* Del McCoury, "Mill Towns" - a cockeyed account of what's become of the narrator's unnamed industrial hometown - "There's parking lots where the buildings used to be".

    St. Louis
    As Bruce is to Jersey, so is Jay Farrar (of Uncle Tupelo/Son Volt fame) to St. Louis, writing with flare and beauty of his adopted home town. His melancholy solo tune "Outside the Door" is a catalog of places, scenes, venues, neighborhoods and famed locals long past. Uncle Tupeo's "Sauget Wind" describes a life in the toxic industrial havens of a small Illinois town across the river from St. Louis. "Way Down Watson" mourns the passing of St. Louis's Coral Court Motel, a Route 66 landmark demolished in the early 1990s. "The Cahokians" compares the lost Indian mounds that once stood in and around St. Louis to the titanic heaps of a landfill that now looms over I-55 as one approaches St. Louis from the east.

    * Calling "St. Louis Blues" a song that's about St. Louis is, at best, a stretch. The song doesn't talk about the city at all; its title comes from a sophisticated woman who's from St. Louis. In that, at least, it does convey a sense of how, in the 1920s, St. Louis was quite the roaring town.

    New York City
    Ah, New York! Title of a thousand songs, subject of none. A song that really digs into America's greatest city probably won't mention it in the title. There are plenty of songs that are valid love notes to the city - "New York, New York" by Ryan Adams, "A Heart in New York" by Simon & Garfunkel, and that Frank Sinatra song, just to name a few - but not many really cut into the feeling of the city's depths.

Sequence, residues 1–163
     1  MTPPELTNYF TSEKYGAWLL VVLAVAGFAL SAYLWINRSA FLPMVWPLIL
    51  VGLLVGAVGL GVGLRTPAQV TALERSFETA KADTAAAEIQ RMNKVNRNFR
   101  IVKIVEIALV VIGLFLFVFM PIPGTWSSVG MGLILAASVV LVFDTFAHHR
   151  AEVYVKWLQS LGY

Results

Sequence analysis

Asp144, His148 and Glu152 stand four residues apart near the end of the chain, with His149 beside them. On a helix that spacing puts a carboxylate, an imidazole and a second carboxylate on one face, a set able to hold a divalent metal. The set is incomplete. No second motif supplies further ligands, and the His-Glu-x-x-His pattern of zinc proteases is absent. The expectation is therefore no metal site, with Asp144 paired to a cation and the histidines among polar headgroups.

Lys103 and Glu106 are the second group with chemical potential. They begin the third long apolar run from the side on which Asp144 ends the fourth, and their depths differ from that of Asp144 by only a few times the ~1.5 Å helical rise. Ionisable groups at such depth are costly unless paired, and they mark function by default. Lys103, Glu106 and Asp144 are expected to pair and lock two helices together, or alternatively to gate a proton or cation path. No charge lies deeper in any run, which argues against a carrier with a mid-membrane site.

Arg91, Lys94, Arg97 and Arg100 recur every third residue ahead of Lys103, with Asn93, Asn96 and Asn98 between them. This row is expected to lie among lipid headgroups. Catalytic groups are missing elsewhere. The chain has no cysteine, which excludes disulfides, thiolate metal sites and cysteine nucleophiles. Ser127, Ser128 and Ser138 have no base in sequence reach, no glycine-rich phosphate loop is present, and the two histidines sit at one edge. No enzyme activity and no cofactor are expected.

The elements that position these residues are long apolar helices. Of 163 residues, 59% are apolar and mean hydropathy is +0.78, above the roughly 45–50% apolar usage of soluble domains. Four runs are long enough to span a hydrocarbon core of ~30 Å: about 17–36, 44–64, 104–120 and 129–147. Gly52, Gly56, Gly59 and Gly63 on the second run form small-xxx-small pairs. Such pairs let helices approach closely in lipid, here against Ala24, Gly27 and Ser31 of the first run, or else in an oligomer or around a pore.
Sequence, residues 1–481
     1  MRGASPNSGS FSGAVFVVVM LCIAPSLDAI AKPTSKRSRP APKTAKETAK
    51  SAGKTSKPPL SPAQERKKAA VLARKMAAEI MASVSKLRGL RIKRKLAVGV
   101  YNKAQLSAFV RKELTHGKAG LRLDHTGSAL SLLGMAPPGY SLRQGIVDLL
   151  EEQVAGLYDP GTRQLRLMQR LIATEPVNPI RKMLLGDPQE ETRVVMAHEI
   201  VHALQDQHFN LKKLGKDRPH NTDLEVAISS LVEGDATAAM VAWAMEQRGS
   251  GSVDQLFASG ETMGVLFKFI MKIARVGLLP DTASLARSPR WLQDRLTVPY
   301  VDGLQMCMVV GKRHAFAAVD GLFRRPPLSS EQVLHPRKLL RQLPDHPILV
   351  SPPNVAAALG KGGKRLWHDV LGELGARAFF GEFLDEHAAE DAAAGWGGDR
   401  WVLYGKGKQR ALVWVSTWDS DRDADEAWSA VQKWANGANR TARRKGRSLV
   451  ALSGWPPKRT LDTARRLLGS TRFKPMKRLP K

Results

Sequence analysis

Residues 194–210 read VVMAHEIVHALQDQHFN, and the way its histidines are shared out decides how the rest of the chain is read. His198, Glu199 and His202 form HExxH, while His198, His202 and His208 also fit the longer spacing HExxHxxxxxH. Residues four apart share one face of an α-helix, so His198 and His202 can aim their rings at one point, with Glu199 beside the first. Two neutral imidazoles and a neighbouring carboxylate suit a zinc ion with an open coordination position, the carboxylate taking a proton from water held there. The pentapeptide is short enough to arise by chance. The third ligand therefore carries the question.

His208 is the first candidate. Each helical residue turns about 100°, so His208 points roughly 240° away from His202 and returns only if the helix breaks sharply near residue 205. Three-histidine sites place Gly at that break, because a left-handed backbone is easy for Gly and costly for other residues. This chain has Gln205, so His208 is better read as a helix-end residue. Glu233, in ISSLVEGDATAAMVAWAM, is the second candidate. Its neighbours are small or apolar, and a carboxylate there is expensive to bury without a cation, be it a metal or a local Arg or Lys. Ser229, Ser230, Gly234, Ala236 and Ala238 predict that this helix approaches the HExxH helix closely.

* Olu Dara, "Neighborhoods" - a long-time resident looks back at his various homes across the city, in Harlem, Brooklyn, and elsewhere.

    * Bruce Springsteen, "New York City Serenade", "Jungleland" - two songs that portray a rough life in the poorer quarters of town

    New Orleans
    The Crescent City is the subject of countless songs, and I can't claim to have done more than scratch the surface. Of the ones I've noted, the old standard "Basin Street Blues" probably does the best job of portraying a real place (namely, the Streeterville red light district, long since demolished.)

    * The Band's "Rags and Bones" shows the street life of an unnamed city some time in the early 20th Century. Writer Robbie Robertson is old enough to possibly remember the days when men pushed streetcarts through streets and alleys of the cities, collecting scraps and hawking wares.

    * Ellis Paul's "Paris in a Day" is a sweet reminisce about two flighty tourists storming through Paris in stereotypical American fashion, hitting all the highlights across town.

    * Steve Earle, "Telephone Road" - Steve Earle's vision of Houston is one of an endless string of side-road honkey tonks and hard-working roustabouts blowing their money and vacation on beer, juke boxes and women. It's a far cry from the enormous highways and polished skyscrapers that form the city's more common image!